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In a day’s work at Bronx Zoo

By her own admission, Kathleen LaMattina is much more comfortable with a3-foot-long Indian Crested porcupine in her arms than she is speakingwith a reporter.

By her own admission, Kathleen LaMattina is much more comfortable with a 3-foot-long Indian Crested porcupine in her arms than she is speaking with a reporter.

One moment cleaning up emu droppings and the next making baby talk to a Fennec fox running circles around her, LaMattina is tailor-made for the job of acclimating 300 animals to human contact for the Bronx Zoo’s outreach programs in New York. In fact, she often takes them home with her overnight.

What did you first do when you got into work?

First I checked on all the animals and said ‘hi’ to my zookeepers to make sure everything was OK. Then I played with Buckley, a wallaby that I hand-raised after his mother tried to eat him.

Wallabies eat their young?

He was probably just bitten as she was trying to get him out of her pouch. It’s very energy inexpensive to give birth to a kangaroo or wallaby, but to actually raise the baby takes a long time. So if she’s not feeling well, the mother decides to focus on herself. It happens in the wild.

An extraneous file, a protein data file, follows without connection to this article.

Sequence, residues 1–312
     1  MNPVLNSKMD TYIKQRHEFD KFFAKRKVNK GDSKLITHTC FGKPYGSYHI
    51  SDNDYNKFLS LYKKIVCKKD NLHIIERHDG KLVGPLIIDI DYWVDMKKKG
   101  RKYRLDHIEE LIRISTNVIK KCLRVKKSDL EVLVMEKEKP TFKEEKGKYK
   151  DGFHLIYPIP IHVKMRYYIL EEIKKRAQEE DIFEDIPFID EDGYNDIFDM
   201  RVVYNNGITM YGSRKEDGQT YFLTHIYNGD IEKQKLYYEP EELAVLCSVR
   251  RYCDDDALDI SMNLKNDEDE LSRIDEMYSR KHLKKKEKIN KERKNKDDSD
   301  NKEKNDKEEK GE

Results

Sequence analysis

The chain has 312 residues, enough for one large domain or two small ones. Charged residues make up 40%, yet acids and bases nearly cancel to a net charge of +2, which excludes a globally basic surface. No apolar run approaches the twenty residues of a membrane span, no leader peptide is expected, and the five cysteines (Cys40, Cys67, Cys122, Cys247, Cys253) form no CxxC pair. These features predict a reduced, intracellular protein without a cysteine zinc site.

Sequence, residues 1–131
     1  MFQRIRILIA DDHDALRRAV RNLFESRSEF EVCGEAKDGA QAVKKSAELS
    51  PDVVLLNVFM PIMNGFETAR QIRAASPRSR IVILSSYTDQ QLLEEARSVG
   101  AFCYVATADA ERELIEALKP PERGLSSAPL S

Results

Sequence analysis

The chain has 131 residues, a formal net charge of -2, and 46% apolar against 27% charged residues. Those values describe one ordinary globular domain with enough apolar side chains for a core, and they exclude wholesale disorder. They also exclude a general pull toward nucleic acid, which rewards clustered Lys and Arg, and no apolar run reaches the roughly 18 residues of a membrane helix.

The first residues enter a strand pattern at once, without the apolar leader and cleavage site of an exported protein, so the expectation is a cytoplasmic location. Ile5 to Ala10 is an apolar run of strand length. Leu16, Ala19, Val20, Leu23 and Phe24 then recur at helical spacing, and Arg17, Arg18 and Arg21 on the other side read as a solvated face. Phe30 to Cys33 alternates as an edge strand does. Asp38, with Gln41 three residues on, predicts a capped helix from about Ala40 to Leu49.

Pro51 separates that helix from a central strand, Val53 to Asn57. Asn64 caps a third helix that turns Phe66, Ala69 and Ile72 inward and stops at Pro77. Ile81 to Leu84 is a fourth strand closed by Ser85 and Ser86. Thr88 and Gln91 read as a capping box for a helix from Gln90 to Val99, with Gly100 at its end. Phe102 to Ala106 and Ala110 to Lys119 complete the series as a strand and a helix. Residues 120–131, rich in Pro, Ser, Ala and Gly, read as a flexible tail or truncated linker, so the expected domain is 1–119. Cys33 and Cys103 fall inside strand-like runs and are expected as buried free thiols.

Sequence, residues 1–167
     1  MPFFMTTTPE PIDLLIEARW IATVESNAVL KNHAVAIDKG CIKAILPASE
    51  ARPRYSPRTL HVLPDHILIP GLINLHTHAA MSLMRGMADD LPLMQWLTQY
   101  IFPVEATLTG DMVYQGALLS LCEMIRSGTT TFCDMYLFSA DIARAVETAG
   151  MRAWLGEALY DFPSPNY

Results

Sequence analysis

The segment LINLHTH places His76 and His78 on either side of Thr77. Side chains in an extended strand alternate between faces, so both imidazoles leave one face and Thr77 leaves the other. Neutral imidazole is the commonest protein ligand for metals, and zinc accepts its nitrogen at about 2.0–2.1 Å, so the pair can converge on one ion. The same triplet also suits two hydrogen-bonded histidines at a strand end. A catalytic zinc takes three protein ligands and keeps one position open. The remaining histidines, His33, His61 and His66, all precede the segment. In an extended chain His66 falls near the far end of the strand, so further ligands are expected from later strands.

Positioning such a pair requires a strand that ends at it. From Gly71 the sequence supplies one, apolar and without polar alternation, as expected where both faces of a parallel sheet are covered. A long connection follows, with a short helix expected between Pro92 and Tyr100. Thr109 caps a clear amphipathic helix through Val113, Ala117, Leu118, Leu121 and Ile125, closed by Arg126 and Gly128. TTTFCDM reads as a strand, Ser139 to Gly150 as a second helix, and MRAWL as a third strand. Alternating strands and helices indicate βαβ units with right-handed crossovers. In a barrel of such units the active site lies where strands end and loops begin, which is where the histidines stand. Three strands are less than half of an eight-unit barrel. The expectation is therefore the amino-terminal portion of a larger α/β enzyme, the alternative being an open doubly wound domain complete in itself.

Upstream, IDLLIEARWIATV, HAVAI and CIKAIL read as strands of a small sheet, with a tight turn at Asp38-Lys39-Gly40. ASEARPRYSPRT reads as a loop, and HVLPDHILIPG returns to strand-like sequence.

So what did you do after you played with the wallaby?

I had to bring an owl in for a surgical procedure. He has a tumor on his foot. He came here in 1994, the same year that I came, actually. We take care of animals from the cradle to the grave.

Are you a vegetarian?

For 31 years.

Do you think most people are who work here?

They’re all carnivores! But I don’t preach. I cook meat for my mom. Can you believe it — she actually asked me what emus taste like?

 
 
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